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Left: An antiferromagnet can function as parallel electric circuits carrying spin currents Nel. Right: A tunnel junction based on antiferromagnets hosting spin currents Nel can be thought of as an electric circuit with the two ferromagnetic tunnel junctions connected in parallel. Credit: Shao Dingfu

A group of physicists from Hefei Institutes of Physical Science (HFIPS) of the Chinese Academy of Sciences (CAS) has revealed a secret of antiferromagnets, which could accelerate spintronics, a next-generation data storage and processing technology to overcome the bottleneck of modern digital electronics.

This discovery was reported in Physical Review Letters.

Spintronics is a rapidly developing field that uses the spin of electrons within magnetic materials to encode information. Spin-polarized electric currents play a central role in spintronics, due to their ability to manipulate and sense the directions of magnetic moments for writing and reading 1s and 0s. Currently, most spintronic devices are based on ferromagnets, where net magnetizations can efficiently rotate polarized electric currents.

Antiferromagnets, with opposite magnetic moments aligned alternately, are less studied but could hold the promise of even faster and smaller spintronic devices. However, antiferromagnets have zero net magnetization and are therefore commonly believed to carry only neutral spin currents that are useless for spintronics. Although antiferromagnets consist of two antiparallel aligned magnetic sublattices, their properties are believed to be “mediated” with respect to the sublattices making them independent of rotation.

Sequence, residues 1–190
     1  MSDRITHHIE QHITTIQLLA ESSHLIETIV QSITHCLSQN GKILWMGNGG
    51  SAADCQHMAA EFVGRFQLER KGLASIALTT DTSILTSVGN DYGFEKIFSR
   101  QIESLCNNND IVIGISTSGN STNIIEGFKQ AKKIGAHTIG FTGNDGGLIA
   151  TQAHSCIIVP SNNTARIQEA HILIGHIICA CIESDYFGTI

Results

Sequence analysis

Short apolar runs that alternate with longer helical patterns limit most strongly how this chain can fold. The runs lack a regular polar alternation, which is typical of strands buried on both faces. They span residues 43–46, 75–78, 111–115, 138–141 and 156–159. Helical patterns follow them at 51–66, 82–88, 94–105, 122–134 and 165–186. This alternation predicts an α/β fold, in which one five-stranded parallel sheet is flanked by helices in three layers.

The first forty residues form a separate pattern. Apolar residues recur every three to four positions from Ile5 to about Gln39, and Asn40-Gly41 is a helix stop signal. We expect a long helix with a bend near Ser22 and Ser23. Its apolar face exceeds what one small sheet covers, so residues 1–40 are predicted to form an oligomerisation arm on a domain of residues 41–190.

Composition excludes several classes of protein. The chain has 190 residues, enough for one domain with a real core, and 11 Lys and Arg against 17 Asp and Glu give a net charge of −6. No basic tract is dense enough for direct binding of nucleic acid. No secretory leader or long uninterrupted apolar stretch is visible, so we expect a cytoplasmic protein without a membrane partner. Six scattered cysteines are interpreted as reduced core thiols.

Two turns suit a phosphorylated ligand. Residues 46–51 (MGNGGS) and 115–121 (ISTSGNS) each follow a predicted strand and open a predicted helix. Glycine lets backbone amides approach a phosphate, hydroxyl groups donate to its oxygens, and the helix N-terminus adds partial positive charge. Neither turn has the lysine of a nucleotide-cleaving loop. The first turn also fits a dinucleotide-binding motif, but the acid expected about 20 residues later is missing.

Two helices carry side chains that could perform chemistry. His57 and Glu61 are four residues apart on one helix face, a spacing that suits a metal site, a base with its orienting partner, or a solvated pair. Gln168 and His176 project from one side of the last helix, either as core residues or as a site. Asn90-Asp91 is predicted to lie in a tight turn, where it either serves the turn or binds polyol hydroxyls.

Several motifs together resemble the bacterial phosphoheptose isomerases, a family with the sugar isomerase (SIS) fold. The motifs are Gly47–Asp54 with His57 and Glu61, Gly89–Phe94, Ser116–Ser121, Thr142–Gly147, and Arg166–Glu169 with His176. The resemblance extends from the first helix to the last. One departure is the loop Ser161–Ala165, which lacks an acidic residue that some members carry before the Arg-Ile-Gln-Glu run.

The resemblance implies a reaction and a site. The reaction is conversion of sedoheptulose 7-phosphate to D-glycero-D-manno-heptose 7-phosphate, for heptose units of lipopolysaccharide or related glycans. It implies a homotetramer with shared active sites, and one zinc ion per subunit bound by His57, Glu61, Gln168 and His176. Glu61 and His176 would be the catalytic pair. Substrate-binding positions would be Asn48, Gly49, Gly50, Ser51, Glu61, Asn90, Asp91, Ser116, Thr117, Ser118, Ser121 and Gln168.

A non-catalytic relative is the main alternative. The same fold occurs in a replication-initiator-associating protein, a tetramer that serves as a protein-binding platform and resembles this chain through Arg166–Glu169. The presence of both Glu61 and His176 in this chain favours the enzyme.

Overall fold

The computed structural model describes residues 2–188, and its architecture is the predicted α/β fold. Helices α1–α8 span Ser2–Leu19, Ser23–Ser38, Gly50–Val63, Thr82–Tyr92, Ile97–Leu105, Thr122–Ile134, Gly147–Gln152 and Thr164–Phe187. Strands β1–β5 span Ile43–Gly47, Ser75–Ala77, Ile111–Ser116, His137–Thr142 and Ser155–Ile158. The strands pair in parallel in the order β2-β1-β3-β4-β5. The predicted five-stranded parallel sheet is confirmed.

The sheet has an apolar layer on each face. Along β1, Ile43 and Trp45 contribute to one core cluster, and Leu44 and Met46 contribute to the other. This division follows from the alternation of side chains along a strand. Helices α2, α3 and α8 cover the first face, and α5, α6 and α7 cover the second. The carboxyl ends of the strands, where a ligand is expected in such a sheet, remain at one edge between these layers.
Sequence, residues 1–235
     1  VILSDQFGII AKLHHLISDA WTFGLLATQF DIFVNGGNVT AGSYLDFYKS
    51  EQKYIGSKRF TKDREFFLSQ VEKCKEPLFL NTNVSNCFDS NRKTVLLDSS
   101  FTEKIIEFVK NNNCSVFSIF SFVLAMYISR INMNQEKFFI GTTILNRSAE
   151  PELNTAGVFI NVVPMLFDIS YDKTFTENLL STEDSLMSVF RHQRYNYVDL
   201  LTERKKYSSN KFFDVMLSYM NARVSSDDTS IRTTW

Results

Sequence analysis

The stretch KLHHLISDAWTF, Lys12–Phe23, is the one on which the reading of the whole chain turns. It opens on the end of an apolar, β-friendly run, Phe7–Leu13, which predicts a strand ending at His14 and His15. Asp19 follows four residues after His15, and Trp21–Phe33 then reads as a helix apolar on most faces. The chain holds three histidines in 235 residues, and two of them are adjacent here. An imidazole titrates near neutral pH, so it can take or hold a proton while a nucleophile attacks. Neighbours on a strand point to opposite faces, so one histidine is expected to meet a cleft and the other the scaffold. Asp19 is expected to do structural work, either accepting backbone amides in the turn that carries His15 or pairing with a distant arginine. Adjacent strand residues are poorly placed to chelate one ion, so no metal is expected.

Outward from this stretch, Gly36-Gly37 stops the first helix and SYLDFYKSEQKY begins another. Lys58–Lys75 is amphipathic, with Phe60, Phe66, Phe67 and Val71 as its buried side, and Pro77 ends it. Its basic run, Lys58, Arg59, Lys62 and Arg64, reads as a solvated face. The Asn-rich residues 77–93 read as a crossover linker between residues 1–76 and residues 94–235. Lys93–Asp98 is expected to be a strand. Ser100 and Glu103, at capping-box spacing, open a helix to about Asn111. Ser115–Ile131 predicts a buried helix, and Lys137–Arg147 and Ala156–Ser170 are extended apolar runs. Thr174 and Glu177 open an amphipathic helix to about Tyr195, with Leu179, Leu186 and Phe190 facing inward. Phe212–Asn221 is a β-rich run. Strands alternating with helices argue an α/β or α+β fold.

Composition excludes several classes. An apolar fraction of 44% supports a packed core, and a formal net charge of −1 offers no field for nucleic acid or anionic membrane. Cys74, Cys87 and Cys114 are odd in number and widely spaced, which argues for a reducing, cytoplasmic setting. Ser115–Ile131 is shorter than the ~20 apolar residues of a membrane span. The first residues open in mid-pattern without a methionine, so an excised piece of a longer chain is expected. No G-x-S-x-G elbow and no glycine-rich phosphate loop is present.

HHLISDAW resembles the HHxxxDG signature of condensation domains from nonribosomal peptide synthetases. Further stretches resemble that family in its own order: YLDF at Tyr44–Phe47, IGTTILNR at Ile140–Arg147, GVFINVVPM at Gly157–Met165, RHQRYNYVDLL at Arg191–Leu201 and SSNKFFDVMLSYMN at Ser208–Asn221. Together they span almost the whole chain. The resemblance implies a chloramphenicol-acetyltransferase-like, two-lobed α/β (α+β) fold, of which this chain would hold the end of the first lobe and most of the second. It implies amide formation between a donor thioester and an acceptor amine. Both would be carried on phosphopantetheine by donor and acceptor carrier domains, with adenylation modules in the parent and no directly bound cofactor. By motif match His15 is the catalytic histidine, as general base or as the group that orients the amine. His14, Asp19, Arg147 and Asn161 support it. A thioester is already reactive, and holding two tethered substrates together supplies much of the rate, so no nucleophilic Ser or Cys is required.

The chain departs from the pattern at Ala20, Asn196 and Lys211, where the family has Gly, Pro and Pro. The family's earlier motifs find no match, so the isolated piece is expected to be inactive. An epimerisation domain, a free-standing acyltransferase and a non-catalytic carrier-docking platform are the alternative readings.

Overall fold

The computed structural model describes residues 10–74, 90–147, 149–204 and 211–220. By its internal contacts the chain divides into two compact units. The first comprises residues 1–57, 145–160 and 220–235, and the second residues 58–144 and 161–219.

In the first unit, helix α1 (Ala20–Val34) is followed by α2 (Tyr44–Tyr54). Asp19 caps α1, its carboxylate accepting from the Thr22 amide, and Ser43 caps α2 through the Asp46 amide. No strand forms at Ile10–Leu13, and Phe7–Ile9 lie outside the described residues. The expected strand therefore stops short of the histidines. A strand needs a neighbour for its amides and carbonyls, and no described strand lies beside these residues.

Prof. Shao Ding-Fu, who led the team, has a different view on this research. He envisioned collinear antiferromagnets could function as “electric circuits” with the two magnetic sublattices connected in parallel. With this simple intuitive picture in mind, Prof. Shao and his collaborators theoretically predicted that magnetic sublattices could polarize the electric current locally, thus resulting in the spin-offset currents hidden within the globally spin-neutral current.

He dubbed these staggered spin currents “Nel spin currents” after Louis Nel, a Nobel laureate, who won the prize for his seminal work and discoveries regarding antiferromagnetism.

Spin Nel currents are a unique nature of antiferromagnets that has never been recognized. It is capable of generating useful spin-dependent properties that have previously been considered incompatible with antiferromagnets, such as a spin transfer torque and tunneling magnetoresistance in antiferromagnetic tunnel junctions, crucial for electrical writing and reading of information in antiferromagnetic spintronics .

‘Our work has uncovered a previously unexplored potential of antiferromagnetics and offered a simple solution to achieve efficient reading and writing for antiferromagnetic spintronics,’ said Prof. Shao Ding Fu.

More information:
Ding-Fu Shao et al, Nel Spin Currents in Antiferromagnets, Physical Review Letters (2023). DOI: 10.1103/PhysRevLett.130.216702

About the magazine:
Physical Review Letters

Provided by Hefei Institutes of Physical Science, Chinese Academy of Sciences

#Physicists #discover #parallel #loops #spin #currents #antiferromagnets

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